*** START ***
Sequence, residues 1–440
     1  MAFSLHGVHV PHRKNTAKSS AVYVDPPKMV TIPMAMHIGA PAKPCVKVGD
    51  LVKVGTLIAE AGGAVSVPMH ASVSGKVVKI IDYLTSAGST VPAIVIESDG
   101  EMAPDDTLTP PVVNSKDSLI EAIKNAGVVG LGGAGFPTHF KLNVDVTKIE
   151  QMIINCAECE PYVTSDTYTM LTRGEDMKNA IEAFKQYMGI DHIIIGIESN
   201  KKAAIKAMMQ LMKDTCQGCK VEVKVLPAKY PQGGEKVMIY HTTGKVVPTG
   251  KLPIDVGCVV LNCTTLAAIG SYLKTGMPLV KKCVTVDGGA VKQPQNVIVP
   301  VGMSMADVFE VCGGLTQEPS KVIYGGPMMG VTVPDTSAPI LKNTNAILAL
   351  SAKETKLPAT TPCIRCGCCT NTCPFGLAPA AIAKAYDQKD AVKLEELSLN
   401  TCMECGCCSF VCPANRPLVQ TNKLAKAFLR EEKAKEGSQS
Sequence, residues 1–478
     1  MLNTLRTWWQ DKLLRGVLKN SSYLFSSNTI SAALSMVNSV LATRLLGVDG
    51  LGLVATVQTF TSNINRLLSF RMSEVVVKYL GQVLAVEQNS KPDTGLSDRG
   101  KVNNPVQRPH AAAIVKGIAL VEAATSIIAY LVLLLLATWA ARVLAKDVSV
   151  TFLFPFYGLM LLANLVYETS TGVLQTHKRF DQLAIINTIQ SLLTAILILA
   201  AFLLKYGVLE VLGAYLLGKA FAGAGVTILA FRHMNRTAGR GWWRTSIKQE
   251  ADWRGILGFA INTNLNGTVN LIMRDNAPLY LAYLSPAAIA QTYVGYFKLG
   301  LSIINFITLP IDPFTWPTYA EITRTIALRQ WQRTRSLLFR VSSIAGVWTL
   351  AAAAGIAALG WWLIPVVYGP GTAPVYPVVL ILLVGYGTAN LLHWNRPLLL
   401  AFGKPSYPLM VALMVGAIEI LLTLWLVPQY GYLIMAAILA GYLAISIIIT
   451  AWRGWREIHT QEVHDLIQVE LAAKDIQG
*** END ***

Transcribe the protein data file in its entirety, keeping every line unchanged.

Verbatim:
Sequence, residues 1–440
     1  MAFSLHGVHV PHRKNTAKSS AVYVDPPKMV TIPMAMHIGA PAKPCVKVGD
    51  LVKVGTLIAE AGGAVSVPMH ASVSGKVVKI IDYLTSAGST VPAIVIESDG
   101  EMAPDDTLTP PVVNSKDSLI EAIKNAGVVG LGGAGFPTHF KLNVDVTKIE
   151  QMIINCAECE PYVTSDTYTM LTRGEDMKNA IEAFKQYMGI DHIIIGIESN
   201  KKAAIKAMMQ LMKDTCQGCK VEVKVLPAKY PQGGEKVMIY HTTGKVVPTG
   251  KLPIDVGCVV LNCTTLAAIG SYLKTGMPLV KKCVTVDGGA VKQPQNVIVP
   301  VGMSMADVFE VCGGLTQEPS KVIYGGPMMG VTVPDTSAPI LKNTNAILAL
   351  SAKETKLPAT TPCIRCGCCT NTCPFGLAPA AIAKAYDQKD AVKLEELSLN
   401  TCMECGCCSF VCPANRPLVQ TNKLAKAFLR EEKAKEGSQS
Sequence, residues 1–478
     1  MLNTLRTWWQ DKLLRGVLKN SSYLFSSNTI SAALSMVNSV LATRLLGVDG
    51  LGLVATVQTF TSNINRLLSF RMSEVVVKYL GQVLAVEQNS KPDTGLSDRG
   101  KVNNPVQRPH AAAIVKGIAL VEAATSIIAY LVLLLLATWA ARVLAKDVSV
   151  TFLFPFYGLM LLANLVYETS TGVLQTHKRF DQLAIINTIQ SLLTAILILA
   201  AFLLKYGVLE VLGAYLLGKA FAGAGVTILA FRHMNRTAGR GWWRTSIKQE
   251  ADWRGILGFA INTNLNGTVN LIMRDNAPLY LAYLSPAAIA QTYVGYFKLG
   301  LSIINFITLP IDPFTWPTYA EITRTIALRQ WQRTRSLLFR VSSIAGVWTL
   351  AAAAGIAALG WWLIPVVYGP GTAPVYPVVL ILLVGYGTAN LLHWNRPLLL
   401  AFGKPSYPLM VALMVGAIEI LLTLWLVPQY GYLIMAAILA GYLAISIIIT
   451  AWRGWREIHT QEVHDLIQVE LAAKDIQG